Incognito, by Nick Payne, astonished me with a sharp and humorous rendition of some of the themes I happen to be most attached to as a writer.
It’s hard to tell the story behind Incognito without revealing too much of its interconnected plots and characters, so I will just say it involves Albert Einstein’s brain, a divorced neuropsychologist who dates a younger girl, and some delightful air piano playing. The action moves fast across time and space, both combined in Einstein’s relativity theory, in a twister of emotions. Scenes roll one unrelentingly after another in a somewhat similar way to Constellations, another play by Nick Payne.
Science and loss, as in how to use the first one to deal with the second one, are at the center of Incognito, as much as they built the pillar around which Constellations revolved. I felt the same sense of scientific interest in people in the two plays: what’s human nature? How do we react to loss? How do we cope with our everyday life and the hurdles it puts on our pathway? How do we manage diseases, in our own bodies and in the bodies of the people we love the most? These are the questions I ask myself most frequently, in my observations of human beings and in my attempts to describe the way we live and interact with each other.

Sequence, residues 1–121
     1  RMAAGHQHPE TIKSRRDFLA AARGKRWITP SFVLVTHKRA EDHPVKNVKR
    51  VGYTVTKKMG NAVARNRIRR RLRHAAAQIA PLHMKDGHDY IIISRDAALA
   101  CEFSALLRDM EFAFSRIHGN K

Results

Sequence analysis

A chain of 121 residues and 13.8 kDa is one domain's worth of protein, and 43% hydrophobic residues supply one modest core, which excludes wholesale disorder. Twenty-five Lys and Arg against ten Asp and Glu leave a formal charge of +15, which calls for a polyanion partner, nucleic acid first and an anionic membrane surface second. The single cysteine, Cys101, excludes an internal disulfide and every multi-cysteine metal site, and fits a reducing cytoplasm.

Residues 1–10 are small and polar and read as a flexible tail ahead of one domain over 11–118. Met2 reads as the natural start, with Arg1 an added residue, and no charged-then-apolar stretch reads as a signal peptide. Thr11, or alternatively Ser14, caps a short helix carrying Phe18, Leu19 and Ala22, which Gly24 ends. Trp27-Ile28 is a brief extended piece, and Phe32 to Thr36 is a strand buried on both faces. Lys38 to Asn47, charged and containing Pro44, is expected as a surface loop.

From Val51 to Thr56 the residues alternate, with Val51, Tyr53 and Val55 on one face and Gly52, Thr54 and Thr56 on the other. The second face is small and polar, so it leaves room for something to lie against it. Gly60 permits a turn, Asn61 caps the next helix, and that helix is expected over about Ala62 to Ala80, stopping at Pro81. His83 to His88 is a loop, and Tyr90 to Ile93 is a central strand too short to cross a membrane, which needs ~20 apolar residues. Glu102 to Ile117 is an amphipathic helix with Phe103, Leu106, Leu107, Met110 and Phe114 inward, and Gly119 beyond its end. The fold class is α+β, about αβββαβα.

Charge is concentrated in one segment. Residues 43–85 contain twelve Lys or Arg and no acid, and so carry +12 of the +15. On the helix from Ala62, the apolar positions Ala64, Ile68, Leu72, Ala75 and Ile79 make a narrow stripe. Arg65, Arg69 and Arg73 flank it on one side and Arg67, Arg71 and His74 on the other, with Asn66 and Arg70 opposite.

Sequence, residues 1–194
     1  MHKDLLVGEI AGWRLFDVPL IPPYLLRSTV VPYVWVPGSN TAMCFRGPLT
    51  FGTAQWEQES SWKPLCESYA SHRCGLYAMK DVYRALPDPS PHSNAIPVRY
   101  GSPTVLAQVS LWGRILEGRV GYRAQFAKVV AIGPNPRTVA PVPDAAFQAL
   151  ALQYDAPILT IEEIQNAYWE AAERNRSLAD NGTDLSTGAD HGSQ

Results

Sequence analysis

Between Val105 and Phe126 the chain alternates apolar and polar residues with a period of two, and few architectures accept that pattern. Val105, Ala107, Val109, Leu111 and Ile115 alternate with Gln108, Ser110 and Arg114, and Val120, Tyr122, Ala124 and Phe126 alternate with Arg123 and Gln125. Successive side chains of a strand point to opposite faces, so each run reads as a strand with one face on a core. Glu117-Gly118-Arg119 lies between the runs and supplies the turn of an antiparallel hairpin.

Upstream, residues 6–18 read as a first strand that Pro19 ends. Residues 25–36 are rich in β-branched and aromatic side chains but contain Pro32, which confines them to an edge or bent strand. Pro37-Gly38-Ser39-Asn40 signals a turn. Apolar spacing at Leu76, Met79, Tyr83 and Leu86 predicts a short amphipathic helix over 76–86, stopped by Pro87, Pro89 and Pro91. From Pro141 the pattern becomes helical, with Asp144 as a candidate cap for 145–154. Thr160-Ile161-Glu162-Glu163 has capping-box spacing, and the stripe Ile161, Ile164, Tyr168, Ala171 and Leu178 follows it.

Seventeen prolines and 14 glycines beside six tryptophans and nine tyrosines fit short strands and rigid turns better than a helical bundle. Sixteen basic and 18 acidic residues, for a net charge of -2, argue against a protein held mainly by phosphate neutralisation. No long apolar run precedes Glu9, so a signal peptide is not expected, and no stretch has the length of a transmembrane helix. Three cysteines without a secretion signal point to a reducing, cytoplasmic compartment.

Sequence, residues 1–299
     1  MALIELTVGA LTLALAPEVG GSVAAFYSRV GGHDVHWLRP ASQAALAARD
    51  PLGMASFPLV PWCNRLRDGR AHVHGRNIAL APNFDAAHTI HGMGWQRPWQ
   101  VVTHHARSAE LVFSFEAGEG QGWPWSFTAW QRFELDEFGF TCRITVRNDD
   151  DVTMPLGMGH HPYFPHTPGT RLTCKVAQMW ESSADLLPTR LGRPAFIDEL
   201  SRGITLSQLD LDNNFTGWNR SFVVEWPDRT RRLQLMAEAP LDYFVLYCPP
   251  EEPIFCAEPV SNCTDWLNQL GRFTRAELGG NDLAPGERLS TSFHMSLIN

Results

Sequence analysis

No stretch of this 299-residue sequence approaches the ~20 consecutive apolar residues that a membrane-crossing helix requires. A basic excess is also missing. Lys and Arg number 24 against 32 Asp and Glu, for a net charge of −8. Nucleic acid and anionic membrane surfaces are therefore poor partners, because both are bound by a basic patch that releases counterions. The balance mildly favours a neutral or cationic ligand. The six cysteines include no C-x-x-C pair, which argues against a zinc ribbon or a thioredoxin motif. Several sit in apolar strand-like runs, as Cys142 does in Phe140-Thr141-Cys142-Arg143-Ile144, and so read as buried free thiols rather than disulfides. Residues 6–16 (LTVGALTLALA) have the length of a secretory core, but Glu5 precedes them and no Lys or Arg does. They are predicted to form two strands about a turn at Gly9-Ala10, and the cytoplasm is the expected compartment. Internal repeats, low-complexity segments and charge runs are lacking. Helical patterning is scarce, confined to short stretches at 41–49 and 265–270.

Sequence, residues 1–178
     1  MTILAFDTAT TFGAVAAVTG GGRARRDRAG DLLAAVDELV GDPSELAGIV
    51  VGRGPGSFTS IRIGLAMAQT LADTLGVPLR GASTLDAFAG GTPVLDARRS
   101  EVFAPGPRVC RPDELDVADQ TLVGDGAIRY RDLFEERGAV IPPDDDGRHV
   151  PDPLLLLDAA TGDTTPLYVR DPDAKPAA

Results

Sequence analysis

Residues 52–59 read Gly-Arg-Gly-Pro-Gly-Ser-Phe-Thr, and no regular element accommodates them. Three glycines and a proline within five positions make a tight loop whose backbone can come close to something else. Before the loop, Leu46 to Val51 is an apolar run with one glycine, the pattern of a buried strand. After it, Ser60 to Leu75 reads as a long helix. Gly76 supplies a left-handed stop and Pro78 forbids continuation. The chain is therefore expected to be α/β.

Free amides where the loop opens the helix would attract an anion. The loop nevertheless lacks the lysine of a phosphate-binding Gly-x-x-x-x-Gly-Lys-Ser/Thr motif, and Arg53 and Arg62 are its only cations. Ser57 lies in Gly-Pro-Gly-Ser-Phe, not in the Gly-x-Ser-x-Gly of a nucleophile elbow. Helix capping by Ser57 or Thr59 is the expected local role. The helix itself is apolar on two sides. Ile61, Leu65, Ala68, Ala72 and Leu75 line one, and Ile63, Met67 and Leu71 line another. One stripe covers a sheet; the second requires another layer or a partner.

One of the characters played by Charlie Cox suffers from short term memory loss: similarly to Sammy Jankis in Christopher Nolan’s Memento, he can only retain what just happened in the past few minutes, and the last thing he remembers from his past is his beloved wife. This is the hardest loss: seeing our own life slip away through our fingers, recognizing that we are unable to do anything to stop it.
“Incognito”, a play by Nick Payne and featuring Geneva Carr, Charlie Cox, Heather Lind, and Morgan Spector, is currently showing at the Manhattan Theater Club in New York City.